By eight o'clock in the evening, in a little dining-room in the Vicuna Hotel, Bognor, the crisis had come, and Jessie, flushed and angry in the face and with her heart sinking, faced him again for her last struggle with him. He had tricked her this time, effectually, and luck had been on his side. She was booked as Mrs. Beaumont. Save for her refusal to enter their room, and her eccentricity of eating with unwashed hands, she had so far kept up the appearances of things before the waiter. But the dinner was grim enough. Now in turn she appealed to his better nature and made extravagant statements of her plans to fool him.
He was white and vicious by this time, and his anger quivered through his pose of brilliant wickedness.
“I will go to the station,” she said. “I will go back—”
“The last train for anywhere leaves at 7.42.”
“I will appeal to the police—”
“You don't know them.”
“I will tell these hotel people.”
“They will turn you out of doors. You're in such a thoroughly false position now. They don't understand unconventionality, down here.”
She stamped her foot. “If I wander about the streets all night—” she said.
“You who have never been out alone after dusk? Do you know what the streets of a charming little holiday resort are like—”
“I don't care,” she said. “I can go to the clergyman here.”
“He's a charming man. Unmarried. And men are really more alike than you think. And anyhow—”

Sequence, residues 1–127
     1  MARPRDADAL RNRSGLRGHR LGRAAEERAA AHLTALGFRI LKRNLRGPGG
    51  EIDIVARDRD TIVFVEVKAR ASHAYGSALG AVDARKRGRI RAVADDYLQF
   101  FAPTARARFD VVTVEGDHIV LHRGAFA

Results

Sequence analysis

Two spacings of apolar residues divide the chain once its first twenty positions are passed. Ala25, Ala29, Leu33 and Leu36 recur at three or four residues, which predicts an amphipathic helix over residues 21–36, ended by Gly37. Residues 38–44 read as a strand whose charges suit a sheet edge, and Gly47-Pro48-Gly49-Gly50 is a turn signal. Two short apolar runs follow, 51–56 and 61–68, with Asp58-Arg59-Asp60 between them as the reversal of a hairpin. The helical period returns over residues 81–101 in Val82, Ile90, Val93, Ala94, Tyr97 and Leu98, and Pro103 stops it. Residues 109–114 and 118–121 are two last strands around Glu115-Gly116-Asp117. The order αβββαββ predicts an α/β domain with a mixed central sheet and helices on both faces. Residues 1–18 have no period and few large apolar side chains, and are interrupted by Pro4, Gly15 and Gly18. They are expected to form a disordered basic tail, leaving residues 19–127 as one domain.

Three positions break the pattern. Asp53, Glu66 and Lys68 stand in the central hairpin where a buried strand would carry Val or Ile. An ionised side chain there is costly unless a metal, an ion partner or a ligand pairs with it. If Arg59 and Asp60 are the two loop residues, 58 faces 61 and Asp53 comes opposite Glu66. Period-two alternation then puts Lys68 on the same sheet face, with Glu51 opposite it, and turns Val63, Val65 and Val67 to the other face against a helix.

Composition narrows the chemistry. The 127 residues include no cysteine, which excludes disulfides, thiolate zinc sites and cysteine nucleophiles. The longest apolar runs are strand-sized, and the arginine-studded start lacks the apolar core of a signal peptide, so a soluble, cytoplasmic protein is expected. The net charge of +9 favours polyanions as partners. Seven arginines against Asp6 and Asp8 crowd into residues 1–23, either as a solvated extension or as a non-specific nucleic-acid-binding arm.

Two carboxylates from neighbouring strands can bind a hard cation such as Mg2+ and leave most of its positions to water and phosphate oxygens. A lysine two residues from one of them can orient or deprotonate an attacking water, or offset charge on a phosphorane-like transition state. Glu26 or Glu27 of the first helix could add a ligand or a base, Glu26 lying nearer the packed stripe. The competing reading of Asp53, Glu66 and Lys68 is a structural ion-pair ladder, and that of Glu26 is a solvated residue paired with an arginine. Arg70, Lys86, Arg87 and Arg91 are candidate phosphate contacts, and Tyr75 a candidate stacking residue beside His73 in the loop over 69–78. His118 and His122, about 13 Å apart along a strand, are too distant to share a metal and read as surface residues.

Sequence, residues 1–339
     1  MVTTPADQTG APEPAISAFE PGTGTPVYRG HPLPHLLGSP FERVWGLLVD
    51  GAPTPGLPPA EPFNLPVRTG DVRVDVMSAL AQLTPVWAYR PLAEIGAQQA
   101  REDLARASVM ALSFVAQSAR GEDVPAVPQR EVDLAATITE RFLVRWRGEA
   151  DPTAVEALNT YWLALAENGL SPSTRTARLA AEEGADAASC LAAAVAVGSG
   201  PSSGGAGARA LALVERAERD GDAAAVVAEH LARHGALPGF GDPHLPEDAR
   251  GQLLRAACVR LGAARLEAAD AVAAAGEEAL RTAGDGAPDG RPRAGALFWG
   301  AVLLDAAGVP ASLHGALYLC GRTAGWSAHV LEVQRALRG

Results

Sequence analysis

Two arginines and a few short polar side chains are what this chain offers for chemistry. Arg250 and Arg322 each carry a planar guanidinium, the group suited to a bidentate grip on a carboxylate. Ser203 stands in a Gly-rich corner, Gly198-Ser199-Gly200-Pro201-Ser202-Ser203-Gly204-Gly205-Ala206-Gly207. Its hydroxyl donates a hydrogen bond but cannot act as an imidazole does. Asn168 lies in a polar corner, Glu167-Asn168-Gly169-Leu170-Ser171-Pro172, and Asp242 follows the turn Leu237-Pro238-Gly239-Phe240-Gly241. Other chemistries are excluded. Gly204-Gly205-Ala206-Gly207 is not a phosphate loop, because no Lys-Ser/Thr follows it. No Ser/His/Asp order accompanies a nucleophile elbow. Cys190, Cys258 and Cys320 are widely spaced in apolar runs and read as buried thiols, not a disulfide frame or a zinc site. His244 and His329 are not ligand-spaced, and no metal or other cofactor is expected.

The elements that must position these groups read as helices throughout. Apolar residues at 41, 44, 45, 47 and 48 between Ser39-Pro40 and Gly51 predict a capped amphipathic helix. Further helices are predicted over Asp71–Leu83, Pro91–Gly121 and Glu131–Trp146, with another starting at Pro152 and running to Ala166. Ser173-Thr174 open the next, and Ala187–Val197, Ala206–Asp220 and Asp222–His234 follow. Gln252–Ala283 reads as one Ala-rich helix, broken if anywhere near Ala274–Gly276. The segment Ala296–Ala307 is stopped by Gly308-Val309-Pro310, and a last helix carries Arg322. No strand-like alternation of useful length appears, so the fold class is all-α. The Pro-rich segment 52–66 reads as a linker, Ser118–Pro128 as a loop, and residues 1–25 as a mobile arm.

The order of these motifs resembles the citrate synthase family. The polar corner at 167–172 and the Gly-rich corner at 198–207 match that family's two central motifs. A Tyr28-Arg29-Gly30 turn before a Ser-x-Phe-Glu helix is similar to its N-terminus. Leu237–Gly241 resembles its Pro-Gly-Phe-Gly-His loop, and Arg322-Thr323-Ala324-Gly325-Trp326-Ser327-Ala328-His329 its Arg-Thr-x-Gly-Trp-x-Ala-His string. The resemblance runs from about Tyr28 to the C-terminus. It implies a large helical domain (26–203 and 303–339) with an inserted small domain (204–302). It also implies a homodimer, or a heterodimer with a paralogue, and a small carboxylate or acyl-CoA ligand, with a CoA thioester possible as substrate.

“How CAN you explain the last two nights to anyone now? The mischief is done, Jessie.”
“You CUR,” she said, and suddenly put her hand to her breast. He thought she meant to faint, but she stood, with the colour gone from her face.
“No,” he said. “I love you.”
“Love!” said she.
“There are ways yet,” she said, after a pause.
“Not for you. You are too full of life and hope yet for, what is it?—not the dark arch nor the black flowing river. Don't you think of it. You'll only shirk it when the moment comes, and turn it all into comedy.”
She turned round abruptly from him and stood looking out across the parade at the shining sea over which the afterglow of day fled before the rising moon. He maintained his attitude. The blinds were still up, for she had told the waiter not to draw them. There was silence for some moments.
At last he spoke in as persuasive a voice as he could summon. “Take it sensibly, Jessie. Why should we, who have so much in common, quarrel into melodrama? I swear I love you. You are all that is bright and desirable to me. I am stronger than you, older; man to your woman. To find YOU too—conventional!”
She looked at him over her shoulder, and he noticed with a twinge of delight how her little chin came out beneath the curve of her cheek.
“MAN!” she said. “Man to MY woman! Do MEN lie? Would a MAN use his five and thirty years' experience to outwit a girl of seventeen? Man to my woman indeed! That surely is the last insult!”
“Your repartee is admirable, Jessie. I should say they do, though—all that and more also when their hearts were set on such a girl as yourself. For God's sake drop this shrewishness! Why should you be so—difficult to me? Here am I with MY reputation, MY career, at your feet. Look here, Jessie—on my honour, I will marry you—”
“God forbid,” she said, so promptly that she never learnt he had a wife, even then. It occurred to him then for the first time, in the flash of her retort, that she did not know he was married.
“'Tis only a pre-nuptial settlement,” he said, following that hint.
“You must be sensible. The thing's your own doing. Come out on the beach now the beach here is splendid, and the moon will soon be high.”
“I WON'T” she said, stamping her foot.
“Oh! leave me alone. Let me think—”